That reality hit me hard, most notably on an MDMA trip where I had intense paranoia that everyone could see through my cracks. That trip was mortifying and at the time inaccurate but I became so paranoid that keeping up appearances became exhausting and I still had that feeling of utter isolation and underlying fear of showing my real self and the reactions to it.

The compensation for perfect appearances in public life led to a converse acting out in all the areas I was trying to hide during my private time. To the point where my urges and that time started to overtake time that I would have been in others company. The dullness of everyday interactions needed to be compensated with euphoria.

Eventually the side I was trying to mask began to crack and spill out. If I had not been sanctioned at that point, I would have crossed that line. At that point, nothing else really seemed to matter.

I am not sure if this is relatable at all to those with AsPD specifically but it's what I was struck by in the first article link. I haven't read the second one yet.
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Re: Psychopathy, a different perspective

Postby solemnlysworn » Sat Nov 10, 2018 9:24 pm

There are only small pockets of meth around the UK. It's available but, having watched guys on it, the experience never strike me as something to strive towards
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Re: Psychopathy, a different perspective

Postby Reaper » Sat Nov 10, 2018 9:29 pm

Solowolfpack wrote:http://www.psychiatrictimes.com/psychotic-affective-disorders/hidden-suffering-psychopath Pg1.

http://www.psychiatrictimes.com/psychotic-affective-disorders/hidden-suffering-psychopath/page/0/1 pg2.

It’s an article I pulled of the Internet, so grain of salt I suppose but I find this interesting because it paints a completely different picture than the general public has and the one that is expressed on this board. Does this resonate with anyone here?


This article has been discussed a number of times on the forum in the past. There are some parts I can definitely relate to, others not so much or not at all. I can't be bothered explaining which parts they are. At least not at the moment anyway.
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Re: Psychopathy, a different perspective

Postby Solowolfpack » Sat Nov 10, 2018 9:34 pm

Flat affect is an inability to express emotions in the face and voice, not an inability to feel them. Psychopaths tend to have a shallow affect which is the same thing as blunted affect in medical terms so it’s a less extreme version. Psychopaths most definitely experience anger, rage and negative emotions.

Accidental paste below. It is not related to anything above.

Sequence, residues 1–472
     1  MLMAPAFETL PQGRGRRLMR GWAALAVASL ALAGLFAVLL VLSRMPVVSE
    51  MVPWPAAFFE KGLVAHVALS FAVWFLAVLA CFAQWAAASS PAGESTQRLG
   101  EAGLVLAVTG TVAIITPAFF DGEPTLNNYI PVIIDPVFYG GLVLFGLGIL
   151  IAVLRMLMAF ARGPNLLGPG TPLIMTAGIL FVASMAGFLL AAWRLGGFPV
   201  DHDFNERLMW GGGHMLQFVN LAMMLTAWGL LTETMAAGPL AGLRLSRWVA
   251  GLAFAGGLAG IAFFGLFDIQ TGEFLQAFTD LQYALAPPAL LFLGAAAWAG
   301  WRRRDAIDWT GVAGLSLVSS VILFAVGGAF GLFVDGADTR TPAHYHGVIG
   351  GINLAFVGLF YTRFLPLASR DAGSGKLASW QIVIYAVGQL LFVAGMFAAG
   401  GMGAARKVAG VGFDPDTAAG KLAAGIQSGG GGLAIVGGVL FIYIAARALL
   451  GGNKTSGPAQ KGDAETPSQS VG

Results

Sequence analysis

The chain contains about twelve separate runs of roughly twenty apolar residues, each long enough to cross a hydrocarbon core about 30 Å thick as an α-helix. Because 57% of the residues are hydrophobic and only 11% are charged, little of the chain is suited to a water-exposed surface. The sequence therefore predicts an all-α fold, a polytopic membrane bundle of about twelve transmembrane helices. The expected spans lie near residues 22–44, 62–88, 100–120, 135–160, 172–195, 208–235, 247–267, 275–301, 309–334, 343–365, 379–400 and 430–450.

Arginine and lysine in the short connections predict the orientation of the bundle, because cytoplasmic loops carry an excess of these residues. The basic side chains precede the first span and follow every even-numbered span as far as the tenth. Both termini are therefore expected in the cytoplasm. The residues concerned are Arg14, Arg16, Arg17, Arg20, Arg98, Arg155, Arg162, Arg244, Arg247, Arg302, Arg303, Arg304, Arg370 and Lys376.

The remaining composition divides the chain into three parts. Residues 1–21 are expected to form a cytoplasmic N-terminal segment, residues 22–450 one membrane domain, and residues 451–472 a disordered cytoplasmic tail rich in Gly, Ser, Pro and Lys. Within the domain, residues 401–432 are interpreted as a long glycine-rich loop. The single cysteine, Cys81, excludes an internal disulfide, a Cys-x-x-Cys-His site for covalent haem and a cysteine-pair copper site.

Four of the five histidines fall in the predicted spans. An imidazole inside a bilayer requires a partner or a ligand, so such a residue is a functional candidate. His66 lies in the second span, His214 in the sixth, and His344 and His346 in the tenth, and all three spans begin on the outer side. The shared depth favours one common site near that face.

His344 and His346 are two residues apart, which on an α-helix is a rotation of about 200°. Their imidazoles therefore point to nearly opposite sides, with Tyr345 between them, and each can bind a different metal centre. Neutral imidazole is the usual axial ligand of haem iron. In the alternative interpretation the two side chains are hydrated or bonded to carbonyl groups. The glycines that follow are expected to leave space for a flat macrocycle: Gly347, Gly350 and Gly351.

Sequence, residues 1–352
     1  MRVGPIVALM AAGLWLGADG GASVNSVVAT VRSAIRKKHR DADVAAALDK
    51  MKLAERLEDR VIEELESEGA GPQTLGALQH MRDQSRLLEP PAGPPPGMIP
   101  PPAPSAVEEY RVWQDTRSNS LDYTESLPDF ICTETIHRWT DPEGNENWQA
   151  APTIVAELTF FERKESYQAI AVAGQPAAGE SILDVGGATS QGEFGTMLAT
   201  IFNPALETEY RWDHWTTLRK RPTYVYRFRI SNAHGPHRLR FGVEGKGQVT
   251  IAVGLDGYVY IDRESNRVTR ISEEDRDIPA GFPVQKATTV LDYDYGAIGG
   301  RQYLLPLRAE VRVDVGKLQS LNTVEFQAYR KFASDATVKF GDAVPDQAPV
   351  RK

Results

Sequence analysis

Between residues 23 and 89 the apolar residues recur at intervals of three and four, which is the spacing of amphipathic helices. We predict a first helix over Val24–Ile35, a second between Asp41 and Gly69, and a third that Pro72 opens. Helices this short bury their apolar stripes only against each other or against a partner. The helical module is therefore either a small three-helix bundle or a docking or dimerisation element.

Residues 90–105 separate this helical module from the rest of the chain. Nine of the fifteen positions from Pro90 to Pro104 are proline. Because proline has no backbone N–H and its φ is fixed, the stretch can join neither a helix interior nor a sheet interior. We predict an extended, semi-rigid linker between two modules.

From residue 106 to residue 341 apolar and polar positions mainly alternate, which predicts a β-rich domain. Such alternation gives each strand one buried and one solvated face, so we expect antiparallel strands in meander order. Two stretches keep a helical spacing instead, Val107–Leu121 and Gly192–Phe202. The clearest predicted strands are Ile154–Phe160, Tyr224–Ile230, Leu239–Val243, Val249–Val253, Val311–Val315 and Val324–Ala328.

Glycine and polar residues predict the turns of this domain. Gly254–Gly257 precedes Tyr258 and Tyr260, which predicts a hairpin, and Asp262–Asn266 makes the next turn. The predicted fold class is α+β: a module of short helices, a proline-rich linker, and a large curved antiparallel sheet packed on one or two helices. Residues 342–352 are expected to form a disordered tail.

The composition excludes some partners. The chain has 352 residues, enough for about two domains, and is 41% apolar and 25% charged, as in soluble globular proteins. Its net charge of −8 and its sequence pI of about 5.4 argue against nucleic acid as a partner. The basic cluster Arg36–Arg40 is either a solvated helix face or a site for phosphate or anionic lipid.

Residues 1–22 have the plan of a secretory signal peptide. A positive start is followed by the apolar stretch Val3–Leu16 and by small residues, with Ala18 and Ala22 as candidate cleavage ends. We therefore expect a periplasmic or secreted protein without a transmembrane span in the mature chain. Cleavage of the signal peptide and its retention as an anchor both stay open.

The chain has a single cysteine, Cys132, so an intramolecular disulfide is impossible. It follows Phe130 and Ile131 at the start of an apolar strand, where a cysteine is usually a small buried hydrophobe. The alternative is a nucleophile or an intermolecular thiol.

Complete Apathy is more schizoid or schizophrenic territory imo
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Re: Psychopathy, a different perspective

Postby solemnlysworn » Sat Nov 10, 2018 9:50 pm

I'd assumed most of these are exchangeable. Using your definitions, I can display affect. I just have shallow affect.
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Re: Psychopathy, a different perspective

Postby PsychoGenesis » Sat Nov 10, 2018 9:58 pm

was skimming a paper when i found this:

https://www.ncbi.nlm.nih.gov/pubmed/12500783/


seems like the brain do encode emotions unconsciously through facial expression mimicry ''automatic somatic reactions''
people lower on empathy do this less

anyone has read Paul Ekman?? it might be useful :lol:

some drugs that modulate emotion perception

https://www.ncbi.nlm.nih.gov/pubmed/15229059/
https://www.ncbi.nlm.nih.gov/pubmed/16769178/
https://www.ncbi.nlm.nih.gov/pubmed/17955021/
https://www.ncbi.nlm.nih.gov/pmc/articles/PMC2913325/

-------------------------------

solemnlysworn wrote:I don't know much about the science behind it-- Are you saying that flat affect (rather than negative affect) can be resolved through a long enough course of serotonin treatment? My understanding was it was to regulate so that people feel good more often when they feel bad by default, rather than to stimulate more feeling in general